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Biosemiotics

, Volume 6, Issue 1, pp 1–7 | Cite as

Information in Biosemiotics: Introduction to the Special Issue

  • Søren BrierEmail author
  • Cliff Joslyn
Editorial

Although semiotics emerged in efforts to scientifically investigate how signs function in language and culture, the 20th century has witnessed efforts to extend semiotic theory into the non-cultural realm, primarily in relation to living systems and computers. Resulting developments have been deployed to extend the scope of semiotics from strictly cultural communication to a “Biosemiotics” that encompasses communication of all living systems from the inside of cells to the whole biosphere. Biosemiotics is thus a research program that attempts to unite the areas of nature, mind, language, human consciousness and society in an evolutionary framework, and which tries to explain the qualitative differences between these as levels of emerging qualities, and to extrapolate its consequence for science and our anthropology.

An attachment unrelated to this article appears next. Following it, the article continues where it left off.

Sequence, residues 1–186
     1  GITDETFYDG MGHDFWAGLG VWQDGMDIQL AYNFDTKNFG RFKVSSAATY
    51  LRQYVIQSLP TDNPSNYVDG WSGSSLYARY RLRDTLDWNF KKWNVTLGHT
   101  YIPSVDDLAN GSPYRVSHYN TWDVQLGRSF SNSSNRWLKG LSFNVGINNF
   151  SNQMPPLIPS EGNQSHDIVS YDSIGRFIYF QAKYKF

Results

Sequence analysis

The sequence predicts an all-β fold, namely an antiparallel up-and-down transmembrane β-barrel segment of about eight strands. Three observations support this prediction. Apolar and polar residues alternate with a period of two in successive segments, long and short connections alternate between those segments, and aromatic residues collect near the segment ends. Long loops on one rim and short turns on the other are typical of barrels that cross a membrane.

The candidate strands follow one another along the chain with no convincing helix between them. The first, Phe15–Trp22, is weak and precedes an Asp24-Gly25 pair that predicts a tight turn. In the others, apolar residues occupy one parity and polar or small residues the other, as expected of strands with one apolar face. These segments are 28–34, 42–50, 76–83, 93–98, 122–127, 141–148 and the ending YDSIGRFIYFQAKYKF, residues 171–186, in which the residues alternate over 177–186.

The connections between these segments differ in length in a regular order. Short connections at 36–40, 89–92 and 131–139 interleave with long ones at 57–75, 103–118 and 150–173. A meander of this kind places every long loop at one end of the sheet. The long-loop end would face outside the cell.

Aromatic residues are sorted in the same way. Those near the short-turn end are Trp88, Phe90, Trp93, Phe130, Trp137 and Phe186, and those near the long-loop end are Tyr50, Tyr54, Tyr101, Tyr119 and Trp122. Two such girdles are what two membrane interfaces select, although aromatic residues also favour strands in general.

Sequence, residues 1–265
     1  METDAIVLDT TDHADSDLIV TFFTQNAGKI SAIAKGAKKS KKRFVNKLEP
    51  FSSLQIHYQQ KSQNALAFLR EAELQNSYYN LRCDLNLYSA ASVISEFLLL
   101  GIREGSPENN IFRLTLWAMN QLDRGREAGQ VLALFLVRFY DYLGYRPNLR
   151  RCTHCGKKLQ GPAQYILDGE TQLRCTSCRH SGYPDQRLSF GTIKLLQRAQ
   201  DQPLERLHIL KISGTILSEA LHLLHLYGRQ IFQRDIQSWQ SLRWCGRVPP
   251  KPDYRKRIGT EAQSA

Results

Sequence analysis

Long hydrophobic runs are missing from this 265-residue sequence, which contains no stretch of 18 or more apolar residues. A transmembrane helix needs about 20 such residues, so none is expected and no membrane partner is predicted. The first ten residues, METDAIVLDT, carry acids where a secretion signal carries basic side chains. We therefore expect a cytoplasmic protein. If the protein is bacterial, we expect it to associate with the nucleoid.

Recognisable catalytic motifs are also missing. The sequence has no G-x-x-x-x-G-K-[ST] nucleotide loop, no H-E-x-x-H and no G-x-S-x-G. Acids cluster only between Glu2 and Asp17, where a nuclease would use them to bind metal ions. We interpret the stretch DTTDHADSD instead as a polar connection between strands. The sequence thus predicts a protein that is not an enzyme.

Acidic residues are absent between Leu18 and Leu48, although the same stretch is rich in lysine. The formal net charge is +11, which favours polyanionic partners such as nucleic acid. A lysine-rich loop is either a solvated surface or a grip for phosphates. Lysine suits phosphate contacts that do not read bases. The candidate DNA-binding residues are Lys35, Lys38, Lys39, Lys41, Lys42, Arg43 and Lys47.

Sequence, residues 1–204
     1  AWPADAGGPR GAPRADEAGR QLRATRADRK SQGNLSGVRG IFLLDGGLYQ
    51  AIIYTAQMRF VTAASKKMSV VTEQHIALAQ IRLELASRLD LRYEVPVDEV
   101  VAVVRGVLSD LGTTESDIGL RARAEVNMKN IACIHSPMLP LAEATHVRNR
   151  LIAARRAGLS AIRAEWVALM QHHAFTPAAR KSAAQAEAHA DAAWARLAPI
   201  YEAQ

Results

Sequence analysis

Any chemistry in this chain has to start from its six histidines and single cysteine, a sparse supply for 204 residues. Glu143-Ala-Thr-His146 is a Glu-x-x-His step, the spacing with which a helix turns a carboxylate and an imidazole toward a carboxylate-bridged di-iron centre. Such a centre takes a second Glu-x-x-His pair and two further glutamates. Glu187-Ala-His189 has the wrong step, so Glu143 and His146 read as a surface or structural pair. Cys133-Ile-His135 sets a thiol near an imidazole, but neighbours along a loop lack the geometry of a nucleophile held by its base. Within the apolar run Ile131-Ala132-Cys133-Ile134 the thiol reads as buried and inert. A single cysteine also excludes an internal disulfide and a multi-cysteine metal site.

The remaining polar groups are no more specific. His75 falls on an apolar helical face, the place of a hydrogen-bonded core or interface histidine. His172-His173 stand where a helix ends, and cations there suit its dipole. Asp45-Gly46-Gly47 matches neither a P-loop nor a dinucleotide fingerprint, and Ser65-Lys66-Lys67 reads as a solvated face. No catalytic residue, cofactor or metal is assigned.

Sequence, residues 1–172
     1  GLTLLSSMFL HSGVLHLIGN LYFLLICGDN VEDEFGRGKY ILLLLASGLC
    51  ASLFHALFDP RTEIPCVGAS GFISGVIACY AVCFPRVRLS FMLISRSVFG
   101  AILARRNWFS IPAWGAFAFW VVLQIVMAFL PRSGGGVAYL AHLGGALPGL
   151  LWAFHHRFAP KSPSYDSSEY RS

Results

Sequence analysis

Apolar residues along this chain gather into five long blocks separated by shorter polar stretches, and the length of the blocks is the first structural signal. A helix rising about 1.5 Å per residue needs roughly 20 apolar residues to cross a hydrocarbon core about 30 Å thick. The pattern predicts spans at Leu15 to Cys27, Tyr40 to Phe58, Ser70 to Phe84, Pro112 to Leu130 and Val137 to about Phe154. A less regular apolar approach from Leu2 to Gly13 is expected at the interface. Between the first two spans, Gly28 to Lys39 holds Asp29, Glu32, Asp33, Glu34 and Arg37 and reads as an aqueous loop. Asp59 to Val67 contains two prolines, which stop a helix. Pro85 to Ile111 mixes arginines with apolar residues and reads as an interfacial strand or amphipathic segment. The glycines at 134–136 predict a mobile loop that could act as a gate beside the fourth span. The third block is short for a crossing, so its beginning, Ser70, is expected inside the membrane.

The science of signs, semiotics, has always been deeply intertwined with the concepts and issues of a broadly-conceived information science, including such concepts as communication, signals, codes, interpretation, and most especially “information” itself. But the concept of information and information science have their own history apart form the concept of sign and semiosis. Indeed, the mathematical concept of information is deeply rooted in the history and philosophy of science, where it has played a key role in changing a mechanistic foundation into one more compatible with evolutionary views of the universe. In his Critique of Practical Judgment, Kant realized that on the basis of a mechanical science of nature such as that of Newton, a proper theory of life could not be developed. Rather, living beings must, in Kant’s view, be understood as self-organized autonomous systems. Kant never really drew the consequences of his discoveries for the rest of his philosophy. First-person experience and awareness and the production of meaning and signification remain outside the scope of mechanicism, as it has developed since Newton. In order to accommodate the developing scientific perspectives including statistical mechanics, modern evolutionary theory, and even quantum and black hole physics, many concepts of “information” developed by researchers from Boltzman to Shannon, Wiener, and Schrödinger have been invoked at a level complementary to matter and energy. By using thermodynamics as the general paradigm of complexity, chance, irreversibility and self-organization, information theory (in this broad sense) provides the essential complement to a purely mechanistic perspective. Specifically, the insights of Schrödinger and Wiener and later Prigogine and Stengers, were the basis for developing an informational and functionalistic approach to “life science”.